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The Political Economy of Hatred

60 Pages Posted: 19 Jan 2003  

Edward L. Glaeser

Harvard University - John F. Kennedy School of Government, Department of Economics; Brookings Institution; National Bureau of Economic Research (NBER)

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Date Written: August 2002

Abstract

What determines the intensity and objects of hatred? Hatred forms when people believe that out-groups are responsible for past and future crimes, but the reality of past crimes has little to do with the level of hatred. Instead, hatred is the result of an equilibrium where politicians supply stories of past atrocities in order to discredit the opposition and consumers listen to them. The supply of hatred is a function of the degree to which minorities gain or lose from particular party platforms, and as such, groups that are particularly poor or rich are likely to be hated. Strong constitutions that limit the policy space and ban specific anti-minority policies will limit hate. The demand for hatred falls if consumers interact regularly with the hated group, unless their interactions are primarily abusive. The power of hatred is so strong that opponents of hatred motivate their supporters by hating the haters.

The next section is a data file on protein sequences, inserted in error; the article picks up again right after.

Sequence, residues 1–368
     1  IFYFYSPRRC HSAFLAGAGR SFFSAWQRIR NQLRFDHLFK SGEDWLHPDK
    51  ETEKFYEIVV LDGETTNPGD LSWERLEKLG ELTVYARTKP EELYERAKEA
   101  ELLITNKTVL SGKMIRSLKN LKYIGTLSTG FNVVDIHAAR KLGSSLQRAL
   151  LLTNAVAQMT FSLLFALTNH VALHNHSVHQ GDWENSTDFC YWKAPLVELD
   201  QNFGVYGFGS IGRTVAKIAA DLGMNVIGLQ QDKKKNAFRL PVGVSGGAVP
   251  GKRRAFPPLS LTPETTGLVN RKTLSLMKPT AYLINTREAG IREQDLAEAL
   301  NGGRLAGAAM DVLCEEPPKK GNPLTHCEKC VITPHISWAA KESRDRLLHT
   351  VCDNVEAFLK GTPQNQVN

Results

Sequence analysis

Suggested Citation

Glaeser, Edward L., The Political Economy of Hatred (August 2002). Harvard Institute Research Working Paper No. 1970. Available at SSRN: https://ssrn.com/abstract=336264 or http://dx.doi.org/10.2139/ssrn.336264

Edward L. Glaeser (Contact Author)

Harvard University - John F. Kennedy School of Government, Department of Economics ( email )

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